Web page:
That same day, the Municipal Plaintiffs and the St. John's Plaintiffs filed suit in the District of Columbia Court of Appeals, pursuant to 49 U.S.C. § 46110. As part of that litigation, Plaintiffs filed a Petition for Review of the FAA's July 25, 2005 EIS and the FAA's September 30, 2005 ROD. In that petition, Plaintiffs alleged that the FAA's approval of the ALP violated, inter alia, the First and Fifth Amendments and Article III of the Constitution; RFRA.; NEPA; Chapter 471 of Title 49 of the U.S. Code, Section 4(f) of the Department of Transportation Act, 49 U.S.C. § 303(c); Section 6(f) of the Interior Land and Water Conservation Fund Act, 16 U.S.C. § 4601-8(f)(3); Section 106 of the NHPA, 16 U.S.C. 470(f); and section 176(c) of the Clean Air Act, 42 U.S.C. § 7506(c).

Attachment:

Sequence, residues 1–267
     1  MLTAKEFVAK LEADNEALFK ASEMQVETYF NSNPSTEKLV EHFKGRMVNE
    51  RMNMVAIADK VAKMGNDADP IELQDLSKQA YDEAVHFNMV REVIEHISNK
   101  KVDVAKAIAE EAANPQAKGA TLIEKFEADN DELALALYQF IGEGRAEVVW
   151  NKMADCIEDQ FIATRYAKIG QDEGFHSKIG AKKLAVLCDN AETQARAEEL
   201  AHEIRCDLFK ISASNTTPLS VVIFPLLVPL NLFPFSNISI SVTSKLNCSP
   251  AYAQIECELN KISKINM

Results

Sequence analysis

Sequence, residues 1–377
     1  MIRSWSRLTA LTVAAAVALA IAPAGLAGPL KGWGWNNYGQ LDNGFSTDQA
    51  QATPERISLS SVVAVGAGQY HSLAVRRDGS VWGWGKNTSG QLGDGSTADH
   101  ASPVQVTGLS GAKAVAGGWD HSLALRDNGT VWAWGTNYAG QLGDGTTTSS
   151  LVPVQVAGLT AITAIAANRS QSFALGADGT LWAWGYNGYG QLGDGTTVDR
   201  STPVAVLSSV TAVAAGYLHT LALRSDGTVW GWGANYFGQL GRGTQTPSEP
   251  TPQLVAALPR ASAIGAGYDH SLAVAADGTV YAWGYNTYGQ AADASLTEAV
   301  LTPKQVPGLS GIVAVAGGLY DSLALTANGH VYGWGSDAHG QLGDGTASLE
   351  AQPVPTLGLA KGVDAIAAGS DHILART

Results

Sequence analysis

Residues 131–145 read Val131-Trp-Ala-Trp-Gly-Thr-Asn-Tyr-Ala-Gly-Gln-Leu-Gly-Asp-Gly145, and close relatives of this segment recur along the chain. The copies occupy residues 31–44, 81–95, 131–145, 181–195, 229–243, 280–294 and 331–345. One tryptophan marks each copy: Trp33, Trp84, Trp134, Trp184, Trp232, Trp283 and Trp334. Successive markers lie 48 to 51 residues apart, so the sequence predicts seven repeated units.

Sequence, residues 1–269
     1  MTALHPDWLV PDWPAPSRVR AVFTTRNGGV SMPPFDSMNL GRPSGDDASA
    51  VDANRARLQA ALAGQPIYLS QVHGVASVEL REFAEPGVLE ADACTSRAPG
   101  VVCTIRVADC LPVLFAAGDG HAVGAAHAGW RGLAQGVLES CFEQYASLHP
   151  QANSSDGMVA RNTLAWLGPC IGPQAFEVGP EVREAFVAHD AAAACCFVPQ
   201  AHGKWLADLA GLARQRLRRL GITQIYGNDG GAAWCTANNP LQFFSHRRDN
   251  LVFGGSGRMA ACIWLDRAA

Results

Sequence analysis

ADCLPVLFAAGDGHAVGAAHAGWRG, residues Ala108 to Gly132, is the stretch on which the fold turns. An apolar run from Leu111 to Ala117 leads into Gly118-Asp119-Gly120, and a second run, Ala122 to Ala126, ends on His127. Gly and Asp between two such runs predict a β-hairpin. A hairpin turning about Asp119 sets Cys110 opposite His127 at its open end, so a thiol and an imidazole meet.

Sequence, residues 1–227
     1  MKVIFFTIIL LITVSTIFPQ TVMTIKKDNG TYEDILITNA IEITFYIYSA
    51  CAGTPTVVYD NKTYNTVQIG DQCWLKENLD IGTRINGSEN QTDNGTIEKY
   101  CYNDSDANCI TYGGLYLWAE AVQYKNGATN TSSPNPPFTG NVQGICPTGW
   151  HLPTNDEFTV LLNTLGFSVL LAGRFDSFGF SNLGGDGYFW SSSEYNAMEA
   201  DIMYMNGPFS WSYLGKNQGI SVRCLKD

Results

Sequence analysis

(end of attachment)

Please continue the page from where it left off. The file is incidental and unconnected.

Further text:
Along with the Petition, the Municipal Plaintiffs and the St. John's Plaintiffs also filed an emergency motion for a stay pending appeal and a motion for an administrative stay pending resolution of Petitioner's motion for a stay pending appeal. That day, the latter was granted so that the Court of Appeals would have sufficient opportunity to consider the emergency motion for stay pending appeal. The petitioners argued in the emergency motion for stay pending appeal that they were likely to succeed on the merits of their appeal because the FAA's action in issuing an ROD that approved of the City's ALP violated RFRA and because the ROD did not address funding issues. The FAA responded. Chicago was permitted to intervene in the suit. In light of the FAA's approval of the City's ALP and the ensuing litigation in the D.C. Circuit, this Court issued an order to show cause as to why all but four of the counts in the First Amended Complaint should be dismissed. The four counts not subject to the show cause order were: Count IV, a § 1983 claim against the City for imposing a substantial burden on the St. John's Plaintiffs in violation of the Free Exercise clause; Count VIII, a § 1983 claim against Chicagor for violating the St. John's Plaintiffs' rights under RLUIPA; Count XII, § 1983 claim against the City for targeting the St. John's Plaintiffs in violation of the Free Exercise clause; and Count XVIII, a § 1983 claim against the City for discriminating against St. John's Plaintiffs in violation of the Equal Protection clause. In the memorandum accompanying the order, this Court raised concerns about exercising any jurisdiction over the FAA in light of 49 U.S. § 46110, and the fact that all parties appeared to be litigating identical issues in both the D.C. Circuit and in the Northern District of Illinois. All parties filed responses. Plaintiffs' responses repeatedly made reference to a second amended complaint they planned to seek leave to file.